Keisuke Honda Is Startling Omission from Predicted AC Milan Line-Ups

Anthony LopopoloFeatured ColumnistAugust 14, 2014

Milan forward Keisuke Honda (10)  dribbles the ball past Manchester City midfielder Fernando (6) during the first half of a soccer match in the first round of the Guinness International Champions Cup at Heinz Field on Sunday, July 27, 2014, in Pittsburgh. (AP Photo/Gene J. Puskar)
Gene J. Puskar/Associated Press

Almost eight months ago, Keisuke Honda walked into a Milan airport with tinted aviator glasses in a tailored suit, presented in grand style as the latest signing of AC Milan and looking like a rock star as photographers shuffled to get a photo.

He knows fashion, therefore he knows Milan. After all, he has worn luxury watches on both wrists, according to CNN's Misha Janette. He may test the limits of fashion, and he may have bleach-blond hair, but he is also a man that is devoted to his work.

“I try to behave as a professional and how a professional should behave,” Honda said in his opening press conference, per the club's official website. “That’s who I am.”

Shizuo Kambayashi/Associated Press

He was coming from Moscow, and he finally made it to the team that he followed as a kid in Japan. He said he used to watch Serie A every week on TV. This was a professional and emotional choice. “Serie A is the most famous league in Japan,” Honda said. “I can't say just one player.”

And he came in feeling ambitious. Honda chose No. 10, left vacant by Kevin-Prince Boateng but made famous by Rui Costa, Clarence Seedorf and Ruud Gullit. He wanted the responsibilities that came with the jersey.

“I enjoy pressure and high expectations,” he said in an interview with La Gazzetta dello Sport (h/t AC Milan).

And perhaps that is why, in half a season with Milan, he disappointed the fans who clamoured for his arrival. They thought he was more.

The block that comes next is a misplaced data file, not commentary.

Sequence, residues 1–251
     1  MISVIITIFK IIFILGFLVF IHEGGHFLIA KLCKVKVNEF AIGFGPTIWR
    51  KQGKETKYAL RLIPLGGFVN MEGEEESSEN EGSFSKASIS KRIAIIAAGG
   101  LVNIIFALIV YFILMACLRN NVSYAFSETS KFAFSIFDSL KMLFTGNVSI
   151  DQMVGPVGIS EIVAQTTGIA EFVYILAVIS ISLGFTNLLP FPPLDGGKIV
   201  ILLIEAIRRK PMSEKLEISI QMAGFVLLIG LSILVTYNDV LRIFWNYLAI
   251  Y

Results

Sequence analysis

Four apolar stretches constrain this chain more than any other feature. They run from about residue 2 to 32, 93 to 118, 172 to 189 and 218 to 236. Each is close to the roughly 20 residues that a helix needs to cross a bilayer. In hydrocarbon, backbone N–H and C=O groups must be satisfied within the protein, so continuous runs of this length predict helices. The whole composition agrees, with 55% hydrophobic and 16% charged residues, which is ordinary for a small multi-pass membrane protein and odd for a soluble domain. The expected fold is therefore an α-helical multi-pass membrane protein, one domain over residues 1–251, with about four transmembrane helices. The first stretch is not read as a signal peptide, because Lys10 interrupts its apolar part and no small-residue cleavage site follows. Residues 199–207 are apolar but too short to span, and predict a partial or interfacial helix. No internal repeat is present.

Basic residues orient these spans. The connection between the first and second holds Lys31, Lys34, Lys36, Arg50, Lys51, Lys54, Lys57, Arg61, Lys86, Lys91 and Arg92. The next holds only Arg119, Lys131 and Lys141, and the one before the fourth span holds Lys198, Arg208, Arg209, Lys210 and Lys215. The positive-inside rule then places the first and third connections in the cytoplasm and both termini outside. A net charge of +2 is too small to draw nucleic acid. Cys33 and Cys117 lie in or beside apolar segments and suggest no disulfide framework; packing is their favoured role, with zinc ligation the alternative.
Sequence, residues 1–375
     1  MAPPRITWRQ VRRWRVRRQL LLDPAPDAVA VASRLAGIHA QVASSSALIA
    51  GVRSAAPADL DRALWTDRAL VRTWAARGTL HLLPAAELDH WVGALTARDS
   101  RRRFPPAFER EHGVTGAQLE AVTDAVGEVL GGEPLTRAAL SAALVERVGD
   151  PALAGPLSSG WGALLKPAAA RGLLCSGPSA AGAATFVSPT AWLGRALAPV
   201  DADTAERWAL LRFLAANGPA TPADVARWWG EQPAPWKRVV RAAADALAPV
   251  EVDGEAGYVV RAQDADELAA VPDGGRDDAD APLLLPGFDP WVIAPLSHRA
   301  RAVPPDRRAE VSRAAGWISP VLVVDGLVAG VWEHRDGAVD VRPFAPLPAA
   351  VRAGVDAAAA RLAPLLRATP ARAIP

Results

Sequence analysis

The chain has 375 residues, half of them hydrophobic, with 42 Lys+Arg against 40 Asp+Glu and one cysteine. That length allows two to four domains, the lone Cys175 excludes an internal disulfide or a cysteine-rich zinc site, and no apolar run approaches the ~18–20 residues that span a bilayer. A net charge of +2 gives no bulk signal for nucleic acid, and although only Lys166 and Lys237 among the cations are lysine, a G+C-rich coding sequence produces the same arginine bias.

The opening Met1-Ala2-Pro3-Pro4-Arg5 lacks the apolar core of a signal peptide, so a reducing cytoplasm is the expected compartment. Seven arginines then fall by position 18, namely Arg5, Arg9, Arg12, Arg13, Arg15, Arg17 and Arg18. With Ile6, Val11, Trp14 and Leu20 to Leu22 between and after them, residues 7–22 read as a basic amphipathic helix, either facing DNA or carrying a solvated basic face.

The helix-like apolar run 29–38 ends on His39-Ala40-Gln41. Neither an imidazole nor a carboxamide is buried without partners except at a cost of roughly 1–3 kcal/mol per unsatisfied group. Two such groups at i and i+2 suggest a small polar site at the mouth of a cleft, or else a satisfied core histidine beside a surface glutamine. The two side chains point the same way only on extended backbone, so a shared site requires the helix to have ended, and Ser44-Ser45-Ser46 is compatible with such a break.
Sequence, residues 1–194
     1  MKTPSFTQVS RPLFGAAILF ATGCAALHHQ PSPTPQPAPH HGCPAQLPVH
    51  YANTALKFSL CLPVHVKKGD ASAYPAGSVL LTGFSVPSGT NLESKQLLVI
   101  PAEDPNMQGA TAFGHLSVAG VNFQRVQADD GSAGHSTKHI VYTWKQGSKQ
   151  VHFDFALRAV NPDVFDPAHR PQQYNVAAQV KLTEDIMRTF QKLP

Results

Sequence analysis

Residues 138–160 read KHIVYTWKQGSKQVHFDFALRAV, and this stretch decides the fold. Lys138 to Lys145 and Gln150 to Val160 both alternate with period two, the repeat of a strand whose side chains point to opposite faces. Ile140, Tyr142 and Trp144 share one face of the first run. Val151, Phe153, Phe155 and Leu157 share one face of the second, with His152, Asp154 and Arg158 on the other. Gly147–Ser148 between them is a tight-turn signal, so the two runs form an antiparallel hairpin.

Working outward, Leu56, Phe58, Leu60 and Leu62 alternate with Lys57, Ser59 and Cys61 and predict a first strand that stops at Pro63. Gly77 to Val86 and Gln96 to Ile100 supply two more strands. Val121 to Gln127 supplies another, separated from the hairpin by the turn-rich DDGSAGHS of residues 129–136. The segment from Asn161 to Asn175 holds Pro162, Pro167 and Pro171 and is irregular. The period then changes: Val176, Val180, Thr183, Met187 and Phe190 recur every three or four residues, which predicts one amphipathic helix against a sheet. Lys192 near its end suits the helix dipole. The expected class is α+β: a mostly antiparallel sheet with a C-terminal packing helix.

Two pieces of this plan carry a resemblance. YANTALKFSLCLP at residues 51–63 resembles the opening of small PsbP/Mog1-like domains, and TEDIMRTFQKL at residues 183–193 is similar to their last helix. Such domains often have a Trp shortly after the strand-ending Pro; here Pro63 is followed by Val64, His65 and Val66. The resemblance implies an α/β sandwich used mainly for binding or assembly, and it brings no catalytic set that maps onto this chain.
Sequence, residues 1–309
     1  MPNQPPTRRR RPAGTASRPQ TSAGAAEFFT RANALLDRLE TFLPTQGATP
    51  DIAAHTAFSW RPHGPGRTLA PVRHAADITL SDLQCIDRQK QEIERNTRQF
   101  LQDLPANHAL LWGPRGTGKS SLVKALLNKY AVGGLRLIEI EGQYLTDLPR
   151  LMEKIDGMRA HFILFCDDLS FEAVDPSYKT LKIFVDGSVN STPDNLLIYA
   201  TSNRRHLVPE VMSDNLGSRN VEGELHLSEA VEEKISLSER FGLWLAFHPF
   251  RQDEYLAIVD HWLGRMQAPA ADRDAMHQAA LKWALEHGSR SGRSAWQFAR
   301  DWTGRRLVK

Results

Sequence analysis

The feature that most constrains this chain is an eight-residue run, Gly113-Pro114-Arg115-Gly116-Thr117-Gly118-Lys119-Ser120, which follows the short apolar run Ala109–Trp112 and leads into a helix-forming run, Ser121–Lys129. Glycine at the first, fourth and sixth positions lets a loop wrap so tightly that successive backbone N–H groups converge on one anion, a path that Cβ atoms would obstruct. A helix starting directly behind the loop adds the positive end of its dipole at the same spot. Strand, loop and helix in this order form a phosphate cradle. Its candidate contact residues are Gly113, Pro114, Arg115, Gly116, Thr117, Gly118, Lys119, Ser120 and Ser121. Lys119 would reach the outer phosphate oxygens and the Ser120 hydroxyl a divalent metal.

Honda joined the team after a long layoff with Moscow, which had stopped playing during the winter break. He spent the rest of the season with Milan trying to catch up. He arrived, and coach Massimiliano Allegri was fired. Then Clarence Seedorf played Honda out of his preferred position behind the striker, and Seedorf himself was fired. 

Honda only scored twice for Milan, once in Serie A and once in the Coppa Italia. Still, he left for the World Cup with Japan with confidence. He said Japan could win the whole thing.

Of course, they didn’t. Honda scored once—a powerful shot against Ivory Coast—but that was it.

That affected his image back home. When Milan came to Toronto to play a friendly, he was still followed by a pack of Japanese journalists. It happens at almost any of his games, no matter where. One of them told me that the Japanese back home have lost a lot of faith in him. His popularity is lower than ever. 

And people in Milan and Italy do not seem to care as much about him as they did on that day in January. Honda is not included in several projected XIs for the upcoming season. He is almost forgotten, the odd one out. These past eight months have been the toughest of his professional life. 

This season is all about redemption. He has put in so much work to get to this point, to play for Milan. He called it destiny, per the BBC.

Honda has played in almost every position, from left-back to centre-forward, according to Tim Rich of The IndependentHonda does not complain—at least publicly. Then again, he does not do many interviews, “but one post-match comment from him can be more revealing and interesting than a whole season of fluff from your average soccer star," writes John Duerden of One World Sports.

Honda takes chances. Not many Japanese players have made it to Italy, let alone been successful, despite the league’s popularity in his country.

Yet Honda is here at 28 years old, arguably the peak of his career, trying to fit in.

Because there is so much that Honda can do. He can play on the flank, even if it’s not his strength, and he can play in a deeper midfield position. He can strike ferocious free-kicks, and he can inspire spectacular plays.

Most of all, he needs his teammates to run and find space. If they do, Honda will find them. Almost certainly. 

“Honda has the physical strength, the technique and the mentality to more than succeed in the Serie A at Milan,” former Milan and Japan coach Alberto Zaccheroni said last December (h/t One World Sports). “You need a strong personality to make it at Milan, and Keisuke has that.”

It all depends on coach Pippo Inzaghi and how he decides to employ the Japanese playmaker—or whether he employs him as a starter at all. Honda could play on top of two midfielders in an attacking 4-3-3 formation, Inzaghi's preferred formation, but it is still difficult to find a spot for him.

On Milan’s wish list right now is Alessio Cerci, lately Douglas Costa and Ezequiel Lavezzi, according to reports in Italy (h/t Football Italia). They are looking for more quality on the market, but they seem to be neglecting the talent they already have. 

Honda arrived as a superstar, and now he appears to be an afterthought.


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